A music lesson from Seymour Bernstein
Our talents aren't what we do, they're who we are
The benefits of music are vast and varied—both through listening to others and in participating in it yourself—and we’re all aware of many of them. Still, if you need more convincing, below are some of the biggest ones. These are all quotes from Seymour Bernstein, a pianist who is as inspiring as he is talented. He's now nearing 90, and he's had an impressive life. He had an international and very celebrated career as a touring musician, though he gave it up in order to teach. Forty years later, he's still doing that. He's also the subject of the documentary produced by Ethan Hawke, Seymour: An Introduction.
Seymour Bernstein is a celebrated pianist, teacher, and subject of a new documentary, Seymour: An Introduction
“Music speaks concordantly to a troubled world, dispelling loneliness and discontent, its voice discovering in it those deep recesses of thought and feeling where truth implants itself.”
In a study in the US, group piano lessons were shown to relieve anxiety, depression, and loneliness. It can both relax and motivate us, often at the same time. And, as impressively demonstrated in the documentary Alive Inside, it can open doors of memory, even brining people from near catatonia due to dementia to a joyful interaction with the music that they are hearing and the people around them.
“If you accept that your true self is what your talent is, your real identity lies within that talent that you have a passion for.”
Eating, sleeping, dressing … these are not the things that define who we are. What does? Talent. Passion. We need an outlet for that, just as desperately as we need oxygen and clean water.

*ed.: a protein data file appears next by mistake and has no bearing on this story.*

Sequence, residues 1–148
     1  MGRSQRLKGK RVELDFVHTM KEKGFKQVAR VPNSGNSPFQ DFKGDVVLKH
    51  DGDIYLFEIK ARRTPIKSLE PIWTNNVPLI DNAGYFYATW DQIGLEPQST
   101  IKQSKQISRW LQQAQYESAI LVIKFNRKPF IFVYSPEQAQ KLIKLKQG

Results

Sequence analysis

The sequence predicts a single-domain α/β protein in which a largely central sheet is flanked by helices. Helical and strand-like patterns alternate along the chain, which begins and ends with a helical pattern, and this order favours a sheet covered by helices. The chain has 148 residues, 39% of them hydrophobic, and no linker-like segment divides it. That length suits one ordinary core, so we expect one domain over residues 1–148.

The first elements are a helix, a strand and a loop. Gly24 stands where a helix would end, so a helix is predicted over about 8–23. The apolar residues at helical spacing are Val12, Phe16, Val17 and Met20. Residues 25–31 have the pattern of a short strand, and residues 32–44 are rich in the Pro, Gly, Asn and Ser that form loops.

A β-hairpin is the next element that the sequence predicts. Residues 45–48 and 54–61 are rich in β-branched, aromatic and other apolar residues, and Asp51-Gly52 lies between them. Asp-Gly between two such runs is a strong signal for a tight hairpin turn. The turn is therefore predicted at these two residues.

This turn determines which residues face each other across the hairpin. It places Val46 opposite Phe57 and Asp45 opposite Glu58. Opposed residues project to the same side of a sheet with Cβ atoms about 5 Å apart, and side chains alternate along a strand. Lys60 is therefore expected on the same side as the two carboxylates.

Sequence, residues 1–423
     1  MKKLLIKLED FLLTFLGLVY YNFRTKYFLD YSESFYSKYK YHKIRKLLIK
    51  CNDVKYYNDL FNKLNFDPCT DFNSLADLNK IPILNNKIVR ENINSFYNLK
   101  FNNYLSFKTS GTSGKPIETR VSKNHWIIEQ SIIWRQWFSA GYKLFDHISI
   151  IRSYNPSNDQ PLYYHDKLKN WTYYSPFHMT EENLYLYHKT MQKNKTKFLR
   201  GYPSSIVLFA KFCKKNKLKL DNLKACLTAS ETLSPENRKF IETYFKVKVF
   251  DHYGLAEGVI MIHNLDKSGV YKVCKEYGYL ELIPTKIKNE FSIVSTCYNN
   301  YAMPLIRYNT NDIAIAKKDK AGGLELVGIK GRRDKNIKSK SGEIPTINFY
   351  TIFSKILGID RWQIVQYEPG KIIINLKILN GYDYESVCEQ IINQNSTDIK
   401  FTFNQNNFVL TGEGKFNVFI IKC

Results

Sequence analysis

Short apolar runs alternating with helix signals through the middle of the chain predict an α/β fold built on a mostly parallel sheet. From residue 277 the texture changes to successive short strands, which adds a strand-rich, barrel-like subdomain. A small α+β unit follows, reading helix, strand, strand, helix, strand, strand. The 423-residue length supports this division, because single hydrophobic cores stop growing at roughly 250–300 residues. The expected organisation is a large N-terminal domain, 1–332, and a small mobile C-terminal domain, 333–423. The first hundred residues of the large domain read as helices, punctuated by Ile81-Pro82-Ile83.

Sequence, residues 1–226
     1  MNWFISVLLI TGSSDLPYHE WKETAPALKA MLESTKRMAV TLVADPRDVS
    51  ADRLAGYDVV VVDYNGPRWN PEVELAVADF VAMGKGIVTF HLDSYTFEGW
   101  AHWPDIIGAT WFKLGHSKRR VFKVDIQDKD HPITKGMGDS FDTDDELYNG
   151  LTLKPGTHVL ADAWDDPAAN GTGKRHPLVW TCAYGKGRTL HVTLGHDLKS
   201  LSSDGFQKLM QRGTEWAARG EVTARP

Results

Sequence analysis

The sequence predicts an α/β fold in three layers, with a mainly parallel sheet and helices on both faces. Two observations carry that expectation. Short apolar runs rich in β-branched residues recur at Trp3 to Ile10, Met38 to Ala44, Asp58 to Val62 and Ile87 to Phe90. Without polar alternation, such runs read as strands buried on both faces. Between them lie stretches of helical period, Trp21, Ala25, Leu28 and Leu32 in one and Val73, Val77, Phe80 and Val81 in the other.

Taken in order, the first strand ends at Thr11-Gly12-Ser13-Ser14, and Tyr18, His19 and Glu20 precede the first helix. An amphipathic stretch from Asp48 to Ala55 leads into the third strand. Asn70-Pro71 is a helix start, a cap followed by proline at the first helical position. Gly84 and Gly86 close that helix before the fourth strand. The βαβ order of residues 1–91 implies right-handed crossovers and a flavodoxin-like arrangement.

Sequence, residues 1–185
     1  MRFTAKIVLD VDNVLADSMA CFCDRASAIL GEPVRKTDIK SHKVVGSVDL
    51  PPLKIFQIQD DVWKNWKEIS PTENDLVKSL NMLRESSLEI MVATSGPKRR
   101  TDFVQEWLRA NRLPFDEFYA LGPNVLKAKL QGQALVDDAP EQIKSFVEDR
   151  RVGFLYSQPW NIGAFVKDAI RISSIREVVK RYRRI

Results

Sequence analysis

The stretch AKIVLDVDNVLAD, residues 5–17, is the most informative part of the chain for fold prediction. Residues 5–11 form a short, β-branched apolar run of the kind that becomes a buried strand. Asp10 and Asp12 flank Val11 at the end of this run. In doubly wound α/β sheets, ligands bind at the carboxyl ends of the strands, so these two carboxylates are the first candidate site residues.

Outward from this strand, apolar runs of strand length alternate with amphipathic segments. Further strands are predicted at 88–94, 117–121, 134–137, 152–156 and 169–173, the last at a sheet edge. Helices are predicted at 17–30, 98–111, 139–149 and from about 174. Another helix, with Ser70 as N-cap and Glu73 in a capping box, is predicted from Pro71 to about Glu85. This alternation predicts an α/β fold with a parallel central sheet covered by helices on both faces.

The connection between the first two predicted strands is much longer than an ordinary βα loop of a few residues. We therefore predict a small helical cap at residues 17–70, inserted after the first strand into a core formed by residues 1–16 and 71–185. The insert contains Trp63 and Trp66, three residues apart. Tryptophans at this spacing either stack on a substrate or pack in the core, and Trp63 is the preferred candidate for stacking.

“The social world is very unpredictable [whereas] your art is very predictable. So as you develop your emotional, intellectual and physical worlds through your art, … [you can] direct that into your everyday life.”
There is a reason that some stories make great bedtime stories, the ones that children like to hear over and over again. It’s because, even if we know something, it’s nice to be reminded of it from time to time. Music can direct our attention to things we’ve been forgetting, and that renewed awareness can carry over into all the other aspects of our lives. (Think I’m wrong? Listen to Paolo Conte’s "Via Con Me." Feels pretty good, doesn’t it?)
“I never dreamt that with my own two hands I could touch the sky.”
The fact is, at any age, there are some things we can’t do. Like making sense of quantum mechanics. Likewise, at any age there are some things that we used to do that we can’t do anymore. Like trick or treating. But what Bernstein is saying is that we can do more than we think, and in ways that we never imagined. We just need to take a chance.
“The most important thing is to inspire an emotional response for all aspects of life."
Retirement is the right time to pursue the passions that you were not able to fulfill when you were busy supporting your family. Piano lessons, guitar classes, ukulele groups—there are many avenues to pursue a passion or a talent for making music. That said, passion and talent aren’t the prerequisites. We don’t need to be good, and it’s not about performance. Think of music as a book that you haven’t yet read, or a movie you haven’t yet seen. Be selfish. It’s not about giving, it’s about taking. It’s not about anyone else’s experience or interest but your own.
"Music, like life, is about dissonances, harmonies, and resolution. I believe you won't enjoy that resolution unless you have that dissonance. What would it be if we didn't have that dissonance? We wouldn't know the meaning of the resolution."